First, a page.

Gamma World introduced me to the other amazing concept. Namely that there was no real need to create stats for every possible weapon, and to differentiate between them. Just create stats for "light" and "heavy", and then let the player define the weapon to be whatever he wants it to be. The stats for a claymore, a halberd, and a stop sign are all the same. That was so mind-expanding for me. Not because it was so vague, per se. I'd played around with enough story games to appreciate vague gear lists. But because it was so wide open to interpretation but married to such a tactical system.
The Basics of the System
Okay, keep in mind from yesterday's post that I'm rebooting and abandoning d20. But, a lot of these concepts were originally formed in the d20 framework. So, if this is a bit rough, please excuse me.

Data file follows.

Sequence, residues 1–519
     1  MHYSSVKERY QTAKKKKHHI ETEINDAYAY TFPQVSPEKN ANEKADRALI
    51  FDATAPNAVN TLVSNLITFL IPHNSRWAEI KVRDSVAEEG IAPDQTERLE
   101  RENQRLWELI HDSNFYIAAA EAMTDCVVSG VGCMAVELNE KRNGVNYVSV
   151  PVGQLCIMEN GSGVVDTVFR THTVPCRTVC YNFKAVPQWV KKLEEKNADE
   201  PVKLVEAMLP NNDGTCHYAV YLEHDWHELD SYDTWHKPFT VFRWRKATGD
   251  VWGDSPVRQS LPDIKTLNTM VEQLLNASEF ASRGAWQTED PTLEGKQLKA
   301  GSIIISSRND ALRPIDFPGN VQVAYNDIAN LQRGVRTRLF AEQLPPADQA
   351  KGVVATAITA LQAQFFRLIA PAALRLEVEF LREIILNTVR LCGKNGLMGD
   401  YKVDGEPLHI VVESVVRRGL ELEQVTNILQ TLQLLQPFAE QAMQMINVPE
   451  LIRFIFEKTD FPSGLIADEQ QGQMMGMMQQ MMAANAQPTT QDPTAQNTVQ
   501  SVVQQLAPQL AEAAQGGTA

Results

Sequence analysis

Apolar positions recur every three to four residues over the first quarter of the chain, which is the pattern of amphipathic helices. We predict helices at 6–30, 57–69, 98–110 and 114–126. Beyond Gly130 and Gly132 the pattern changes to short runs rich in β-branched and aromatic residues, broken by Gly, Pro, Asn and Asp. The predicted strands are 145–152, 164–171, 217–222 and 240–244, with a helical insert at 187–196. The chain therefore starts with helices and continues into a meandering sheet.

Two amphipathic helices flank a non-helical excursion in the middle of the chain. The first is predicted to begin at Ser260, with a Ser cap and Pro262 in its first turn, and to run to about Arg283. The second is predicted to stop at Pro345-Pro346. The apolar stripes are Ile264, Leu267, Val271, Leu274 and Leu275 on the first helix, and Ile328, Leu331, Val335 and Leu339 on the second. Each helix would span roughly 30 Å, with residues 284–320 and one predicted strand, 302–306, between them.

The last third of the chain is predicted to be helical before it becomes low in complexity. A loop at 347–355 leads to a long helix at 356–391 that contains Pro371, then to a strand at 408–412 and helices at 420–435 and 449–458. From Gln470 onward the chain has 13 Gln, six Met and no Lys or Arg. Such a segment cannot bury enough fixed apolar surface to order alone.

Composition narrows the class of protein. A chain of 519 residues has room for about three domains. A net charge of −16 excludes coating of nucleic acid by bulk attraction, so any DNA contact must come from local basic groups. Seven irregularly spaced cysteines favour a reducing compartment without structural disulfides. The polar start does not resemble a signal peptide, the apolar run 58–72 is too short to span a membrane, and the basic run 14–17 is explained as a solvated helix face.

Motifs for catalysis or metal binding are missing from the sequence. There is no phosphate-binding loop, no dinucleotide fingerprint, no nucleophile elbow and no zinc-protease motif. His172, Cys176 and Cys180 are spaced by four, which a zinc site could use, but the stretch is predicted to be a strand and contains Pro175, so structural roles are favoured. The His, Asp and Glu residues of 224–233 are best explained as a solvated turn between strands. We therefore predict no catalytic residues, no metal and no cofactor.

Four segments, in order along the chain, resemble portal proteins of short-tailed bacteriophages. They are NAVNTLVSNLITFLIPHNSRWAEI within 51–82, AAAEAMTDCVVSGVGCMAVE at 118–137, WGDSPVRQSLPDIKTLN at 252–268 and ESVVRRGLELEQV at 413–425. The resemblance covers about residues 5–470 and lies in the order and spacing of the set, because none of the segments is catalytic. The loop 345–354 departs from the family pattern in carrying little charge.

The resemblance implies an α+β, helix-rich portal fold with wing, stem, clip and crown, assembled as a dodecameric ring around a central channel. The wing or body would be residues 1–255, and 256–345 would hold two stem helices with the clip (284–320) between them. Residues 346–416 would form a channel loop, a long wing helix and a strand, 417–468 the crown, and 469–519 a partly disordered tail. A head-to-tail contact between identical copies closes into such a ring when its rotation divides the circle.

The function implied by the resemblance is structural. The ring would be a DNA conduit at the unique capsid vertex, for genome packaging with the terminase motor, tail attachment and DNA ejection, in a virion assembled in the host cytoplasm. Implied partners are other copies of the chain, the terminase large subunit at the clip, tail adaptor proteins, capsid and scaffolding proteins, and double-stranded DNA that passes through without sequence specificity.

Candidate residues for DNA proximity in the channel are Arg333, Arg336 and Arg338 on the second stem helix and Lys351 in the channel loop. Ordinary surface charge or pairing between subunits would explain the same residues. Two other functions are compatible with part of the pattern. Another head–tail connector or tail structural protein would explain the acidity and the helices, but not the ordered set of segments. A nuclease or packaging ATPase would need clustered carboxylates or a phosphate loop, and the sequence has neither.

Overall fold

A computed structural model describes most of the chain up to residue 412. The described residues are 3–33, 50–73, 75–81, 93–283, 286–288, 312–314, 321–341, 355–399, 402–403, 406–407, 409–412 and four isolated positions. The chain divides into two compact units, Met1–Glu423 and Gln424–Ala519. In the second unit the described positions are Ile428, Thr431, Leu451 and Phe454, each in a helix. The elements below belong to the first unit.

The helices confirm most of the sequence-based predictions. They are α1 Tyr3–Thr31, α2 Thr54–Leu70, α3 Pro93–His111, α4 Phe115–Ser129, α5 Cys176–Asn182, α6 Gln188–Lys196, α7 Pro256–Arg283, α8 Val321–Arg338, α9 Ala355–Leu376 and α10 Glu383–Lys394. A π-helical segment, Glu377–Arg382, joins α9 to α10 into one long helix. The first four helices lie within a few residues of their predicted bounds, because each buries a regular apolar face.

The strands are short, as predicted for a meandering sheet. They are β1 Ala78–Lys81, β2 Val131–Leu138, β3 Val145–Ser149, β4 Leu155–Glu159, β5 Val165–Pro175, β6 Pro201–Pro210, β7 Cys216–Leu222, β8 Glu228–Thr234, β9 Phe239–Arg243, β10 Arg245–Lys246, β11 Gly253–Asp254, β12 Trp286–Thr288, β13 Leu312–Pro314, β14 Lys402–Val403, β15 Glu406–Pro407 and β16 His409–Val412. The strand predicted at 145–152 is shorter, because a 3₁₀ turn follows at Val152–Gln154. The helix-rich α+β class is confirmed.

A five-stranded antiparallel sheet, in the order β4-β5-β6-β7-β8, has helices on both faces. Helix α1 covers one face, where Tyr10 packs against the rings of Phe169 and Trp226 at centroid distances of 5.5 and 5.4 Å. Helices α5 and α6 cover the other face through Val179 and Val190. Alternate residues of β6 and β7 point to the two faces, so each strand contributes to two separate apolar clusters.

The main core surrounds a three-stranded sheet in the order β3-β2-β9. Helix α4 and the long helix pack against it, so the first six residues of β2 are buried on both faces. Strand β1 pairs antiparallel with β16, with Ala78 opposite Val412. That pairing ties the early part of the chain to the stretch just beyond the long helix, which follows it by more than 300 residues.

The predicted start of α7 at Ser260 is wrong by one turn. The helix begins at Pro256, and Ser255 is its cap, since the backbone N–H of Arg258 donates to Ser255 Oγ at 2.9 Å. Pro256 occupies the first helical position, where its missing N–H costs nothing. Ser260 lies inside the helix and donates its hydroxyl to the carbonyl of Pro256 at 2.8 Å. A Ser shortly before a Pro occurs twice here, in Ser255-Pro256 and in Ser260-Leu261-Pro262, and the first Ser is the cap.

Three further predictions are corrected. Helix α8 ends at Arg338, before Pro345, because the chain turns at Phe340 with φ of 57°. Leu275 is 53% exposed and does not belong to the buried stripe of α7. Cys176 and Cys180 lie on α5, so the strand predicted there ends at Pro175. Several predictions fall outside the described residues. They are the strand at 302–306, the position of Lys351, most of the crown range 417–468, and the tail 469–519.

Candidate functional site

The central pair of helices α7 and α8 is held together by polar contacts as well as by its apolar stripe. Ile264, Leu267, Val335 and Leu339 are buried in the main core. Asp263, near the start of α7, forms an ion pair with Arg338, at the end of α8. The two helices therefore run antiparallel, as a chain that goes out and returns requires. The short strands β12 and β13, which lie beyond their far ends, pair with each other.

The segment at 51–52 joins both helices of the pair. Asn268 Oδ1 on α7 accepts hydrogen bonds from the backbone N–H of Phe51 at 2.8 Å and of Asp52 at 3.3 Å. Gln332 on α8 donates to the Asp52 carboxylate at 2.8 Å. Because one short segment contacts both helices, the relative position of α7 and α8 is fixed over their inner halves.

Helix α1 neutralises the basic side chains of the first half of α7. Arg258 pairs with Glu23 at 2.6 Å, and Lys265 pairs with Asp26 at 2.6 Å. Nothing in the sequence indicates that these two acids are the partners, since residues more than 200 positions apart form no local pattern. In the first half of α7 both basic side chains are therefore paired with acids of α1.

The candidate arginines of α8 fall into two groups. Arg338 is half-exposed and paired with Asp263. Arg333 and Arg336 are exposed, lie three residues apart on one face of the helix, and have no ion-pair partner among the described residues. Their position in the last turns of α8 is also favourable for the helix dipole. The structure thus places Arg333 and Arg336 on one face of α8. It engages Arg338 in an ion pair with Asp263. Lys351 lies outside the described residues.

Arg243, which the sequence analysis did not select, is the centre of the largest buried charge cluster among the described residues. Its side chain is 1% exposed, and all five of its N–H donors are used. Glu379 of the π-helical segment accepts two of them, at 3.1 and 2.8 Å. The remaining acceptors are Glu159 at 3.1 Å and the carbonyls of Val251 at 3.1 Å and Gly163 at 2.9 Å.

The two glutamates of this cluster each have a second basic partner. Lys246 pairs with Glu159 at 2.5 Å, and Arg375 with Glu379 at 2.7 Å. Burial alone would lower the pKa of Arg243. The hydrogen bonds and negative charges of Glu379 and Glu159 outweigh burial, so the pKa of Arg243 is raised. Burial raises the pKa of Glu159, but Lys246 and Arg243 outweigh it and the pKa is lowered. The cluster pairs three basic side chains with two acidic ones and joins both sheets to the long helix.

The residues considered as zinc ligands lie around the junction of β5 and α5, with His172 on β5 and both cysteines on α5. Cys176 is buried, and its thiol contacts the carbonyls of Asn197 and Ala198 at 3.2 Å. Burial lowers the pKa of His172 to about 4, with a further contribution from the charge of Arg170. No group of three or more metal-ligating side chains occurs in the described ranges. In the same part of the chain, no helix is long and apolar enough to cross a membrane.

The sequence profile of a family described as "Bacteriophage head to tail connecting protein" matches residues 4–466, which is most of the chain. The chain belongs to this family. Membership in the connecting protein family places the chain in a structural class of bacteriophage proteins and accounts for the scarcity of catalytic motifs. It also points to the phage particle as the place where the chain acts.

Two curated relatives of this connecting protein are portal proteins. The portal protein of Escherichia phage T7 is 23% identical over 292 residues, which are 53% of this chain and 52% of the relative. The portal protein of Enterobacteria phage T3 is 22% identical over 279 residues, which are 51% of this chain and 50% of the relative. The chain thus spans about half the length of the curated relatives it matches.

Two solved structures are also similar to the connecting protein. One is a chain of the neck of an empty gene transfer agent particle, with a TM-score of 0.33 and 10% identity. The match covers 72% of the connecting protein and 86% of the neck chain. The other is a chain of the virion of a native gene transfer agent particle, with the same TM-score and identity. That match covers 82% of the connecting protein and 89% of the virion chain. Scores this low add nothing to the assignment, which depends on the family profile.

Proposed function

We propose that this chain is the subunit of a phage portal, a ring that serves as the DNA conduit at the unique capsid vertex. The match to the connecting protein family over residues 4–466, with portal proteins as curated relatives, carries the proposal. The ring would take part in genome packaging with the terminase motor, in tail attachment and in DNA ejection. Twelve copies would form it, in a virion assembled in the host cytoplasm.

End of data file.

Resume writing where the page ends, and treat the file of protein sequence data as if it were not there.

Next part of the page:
Wealth is broken up into several categories, that function in many ways like skills. You will get points each level that you assign to the various categories. Each category will be rated from 1 to 10. Much like with skill focuses, you will get to assign each rank to a specific piece of gear within each category.
Whenever you make a roll that involves your gear, you gain a bonus to the roll. Under the d20 system, this was a straight gear bonus. Under the new system, I'm still not entirely sure how I will apply the bonus. Possibly allow the bonus to be split between the stat and skill rolls as you wish. Possibly make gear a third roll that can be substituted for one of the other two. I'm hoping to come up with something a bit more elegant.